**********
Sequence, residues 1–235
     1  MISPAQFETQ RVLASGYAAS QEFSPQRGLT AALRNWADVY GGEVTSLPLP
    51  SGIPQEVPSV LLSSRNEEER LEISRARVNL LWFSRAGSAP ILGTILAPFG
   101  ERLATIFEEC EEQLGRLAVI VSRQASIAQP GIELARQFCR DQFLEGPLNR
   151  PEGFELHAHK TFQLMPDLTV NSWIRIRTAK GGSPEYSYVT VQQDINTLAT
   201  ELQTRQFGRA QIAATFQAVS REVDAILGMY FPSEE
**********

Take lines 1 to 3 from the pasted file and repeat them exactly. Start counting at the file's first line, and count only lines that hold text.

Sequence, residues 1–235
     1  MISPAQFETQ RVLASGYAAS QEFSPQRGLT AALRNWADVY GGEVTSLPLP
    51  SGIPQEVPSV LLSSRNEEER LEISRARVNL LWFSRAGSAP ILGTILAPFG